Republican lawmakers said they hope to finalize public education funding by Feb. 10, to give school districts enough time to finalize their budgets. (Stock image via Canva)
The Iowa Senate voted Thursday to give K-12 public schools a 3% raise in per-pupil state aid for fiscal year 2024, providing an increase of nearly $107 million over the current budget year.
Republican leaders say they plan to finalize public education funding by Feb. 10. Senate File 192 passed on a voted of 34-15.
The Senate originally brought forward a 2% increase State Supplemental Aid, but raised it to 3% to match House Republicans’ legislation. While it’s above Gov. Kim Reynolds’ proposed 2.5% increase, Senate Majority Leader Jack Whitver said legislators have been discussing SSA for four weeks, and reached that percentage based on their understanding of the state and schools’ budgets, as well as recent inflation.
"Obviously it’s key to get that done within the first 30 days of session,” Whitver told reporters. "And so, (we) really wanted to kind of continue the conversation, get agreement with the House and get it down to the governor.”
Iowa law requires the Legislature to approve per-pupil aid for schools within the first 30 days of session.
Democrats offered an amendment to increase school aid to $267 million, or a 5.9% funding increase, saying more money is needed to make up ground after years of underfunding public schools.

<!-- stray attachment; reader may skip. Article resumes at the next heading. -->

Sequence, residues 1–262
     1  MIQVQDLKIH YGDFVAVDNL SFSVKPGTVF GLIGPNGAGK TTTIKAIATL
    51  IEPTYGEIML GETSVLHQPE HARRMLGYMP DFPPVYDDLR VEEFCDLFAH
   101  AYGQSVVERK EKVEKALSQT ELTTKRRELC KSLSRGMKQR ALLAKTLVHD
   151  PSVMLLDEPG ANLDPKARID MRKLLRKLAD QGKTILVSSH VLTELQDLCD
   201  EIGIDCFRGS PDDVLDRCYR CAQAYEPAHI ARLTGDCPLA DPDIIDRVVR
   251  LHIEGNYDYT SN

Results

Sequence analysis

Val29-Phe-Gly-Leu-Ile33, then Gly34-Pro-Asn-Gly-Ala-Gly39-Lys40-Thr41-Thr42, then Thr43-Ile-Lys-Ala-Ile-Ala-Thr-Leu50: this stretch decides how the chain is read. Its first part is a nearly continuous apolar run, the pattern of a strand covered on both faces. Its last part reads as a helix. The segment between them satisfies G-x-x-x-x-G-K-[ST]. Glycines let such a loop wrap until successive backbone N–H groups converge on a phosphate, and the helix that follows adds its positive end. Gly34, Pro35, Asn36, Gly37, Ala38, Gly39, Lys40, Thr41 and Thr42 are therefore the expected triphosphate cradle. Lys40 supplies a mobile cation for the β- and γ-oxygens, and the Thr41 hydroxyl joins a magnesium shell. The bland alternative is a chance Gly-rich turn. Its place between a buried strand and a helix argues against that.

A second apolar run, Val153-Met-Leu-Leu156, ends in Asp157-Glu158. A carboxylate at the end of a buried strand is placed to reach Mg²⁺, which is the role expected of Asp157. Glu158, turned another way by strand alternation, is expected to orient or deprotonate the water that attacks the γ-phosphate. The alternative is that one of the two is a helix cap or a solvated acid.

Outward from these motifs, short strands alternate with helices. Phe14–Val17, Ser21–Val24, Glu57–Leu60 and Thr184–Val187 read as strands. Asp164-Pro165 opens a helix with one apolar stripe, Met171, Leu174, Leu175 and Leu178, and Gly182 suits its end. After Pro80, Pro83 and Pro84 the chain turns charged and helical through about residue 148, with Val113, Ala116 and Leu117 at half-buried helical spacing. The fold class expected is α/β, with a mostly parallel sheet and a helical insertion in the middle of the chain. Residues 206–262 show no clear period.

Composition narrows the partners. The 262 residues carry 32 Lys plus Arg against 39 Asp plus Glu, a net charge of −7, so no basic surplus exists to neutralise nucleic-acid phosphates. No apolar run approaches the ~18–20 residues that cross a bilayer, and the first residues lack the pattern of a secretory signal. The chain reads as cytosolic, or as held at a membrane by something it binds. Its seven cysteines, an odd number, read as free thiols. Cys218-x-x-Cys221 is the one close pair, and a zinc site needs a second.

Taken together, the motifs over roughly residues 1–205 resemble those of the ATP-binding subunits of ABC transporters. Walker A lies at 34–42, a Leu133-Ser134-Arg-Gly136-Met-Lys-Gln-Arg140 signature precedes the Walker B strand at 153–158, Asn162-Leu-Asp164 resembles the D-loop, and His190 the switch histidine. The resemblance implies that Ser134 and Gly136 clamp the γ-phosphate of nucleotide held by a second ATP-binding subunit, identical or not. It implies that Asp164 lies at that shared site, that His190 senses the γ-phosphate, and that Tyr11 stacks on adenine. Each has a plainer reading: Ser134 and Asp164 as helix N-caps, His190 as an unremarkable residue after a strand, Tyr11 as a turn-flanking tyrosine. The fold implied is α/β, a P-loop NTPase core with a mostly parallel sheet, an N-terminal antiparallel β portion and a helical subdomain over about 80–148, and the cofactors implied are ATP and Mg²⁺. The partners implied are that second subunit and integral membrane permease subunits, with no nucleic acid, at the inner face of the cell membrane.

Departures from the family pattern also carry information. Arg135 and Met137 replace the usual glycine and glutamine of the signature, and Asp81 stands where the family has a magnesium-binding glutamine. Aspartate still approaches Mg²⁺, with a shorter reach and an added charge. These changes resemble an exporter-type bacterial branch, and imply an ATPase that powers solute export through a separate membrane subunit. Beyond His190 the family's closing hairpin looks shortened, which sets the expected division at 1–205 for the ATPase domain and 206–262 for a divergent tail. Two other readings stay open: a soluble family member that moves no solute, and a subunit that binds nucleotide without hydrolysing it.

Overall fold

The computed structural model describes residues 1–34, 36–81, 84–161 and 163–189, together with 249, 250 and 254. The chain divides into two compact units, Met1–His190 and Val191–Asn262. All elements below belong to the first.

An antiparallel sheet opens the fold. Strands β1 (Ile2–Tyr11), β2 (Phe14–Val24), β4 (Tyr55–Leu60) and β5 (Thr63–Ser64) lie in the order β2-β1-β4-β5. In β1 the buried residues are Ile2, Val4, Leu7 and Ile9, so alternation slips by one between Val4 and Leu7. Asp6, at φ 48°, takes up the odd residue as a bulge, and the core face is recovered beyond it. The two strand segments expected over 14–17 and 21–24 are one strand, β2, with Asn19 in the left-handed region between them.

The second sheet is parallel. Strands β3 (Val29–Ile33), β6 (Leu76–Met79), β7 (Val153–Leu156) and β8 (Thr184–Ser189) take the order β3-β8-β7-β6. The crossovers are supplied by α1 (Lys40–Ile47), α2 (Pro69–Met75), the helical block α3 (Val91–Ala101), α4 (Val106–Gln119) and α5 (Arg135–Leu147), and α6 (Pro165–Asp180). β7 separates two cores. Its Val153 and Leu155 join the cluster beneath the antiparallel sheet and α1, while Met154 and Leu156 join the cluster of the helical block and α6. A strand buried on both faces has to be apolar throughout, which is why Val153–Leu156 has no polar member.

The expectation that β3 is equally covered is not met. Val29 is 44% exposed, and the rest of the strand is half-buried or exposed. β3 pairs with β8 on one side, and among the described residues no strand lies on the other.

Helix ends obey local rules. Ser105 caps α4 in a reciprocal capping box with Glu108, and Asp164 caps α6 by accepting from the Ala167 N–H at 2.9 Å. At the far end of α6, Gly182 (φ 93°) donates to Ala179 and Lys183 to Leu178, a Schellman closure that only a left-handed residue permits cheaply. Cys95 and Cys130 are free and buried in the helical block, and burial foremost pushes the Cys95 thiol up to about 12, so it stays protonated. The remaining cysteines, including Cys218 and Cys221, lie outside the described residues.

Sen. Herman Quirmbach, D-Ames, said the Legislature would have more money to put toward Iowa public schools if Republicans had not passed the governor’s private school scholarship program, which Reynolds signed into law late January. The program is estimated to cost $106.9 million in the upcoming fiscal year. That money, and funds he said are going toward "corporate tax cuts” could be used to offer competitive teacher salaries and meet rising costs of bussing and building maintenance.
"We need to meet the needs of all of our kids, not just the privileged few with the private schools but all of our public schools,” Quirmbach said.
He said a 5.9% increase "doesn’t get us back all the way to where we need to go from six years of neglect, but at least gets us back one year.”
The amendment failed 17-32. Two other Democratic amendments, to increase funding for special needs services and create a weighting mechanism providing more per-pupil funding for low-income students, also failed.
Sen. Ken Rozenboom, R-Oskaloosa, said Republicans are keeping their promises to Iowans by increasing state funding to public schools while maintaining "sustainable” policies.
"I’ll start with the word conservative, with no apology,” Rozenboom said. "We have conservative budgeting practices, and Iowans in increasing numbers send us send us back to the House and to the Senate. So yes, this reflects our fiscal policies and our conservatism.”
House Speaker Pat Grassley said he expects the House will approve the 3% increase early next week, giving school districts time to finalize their own budgets.
"We thought that that was a very, very solid number to be able to show support for our public school systems, and try to get that done within the timeline,” Grassley said.
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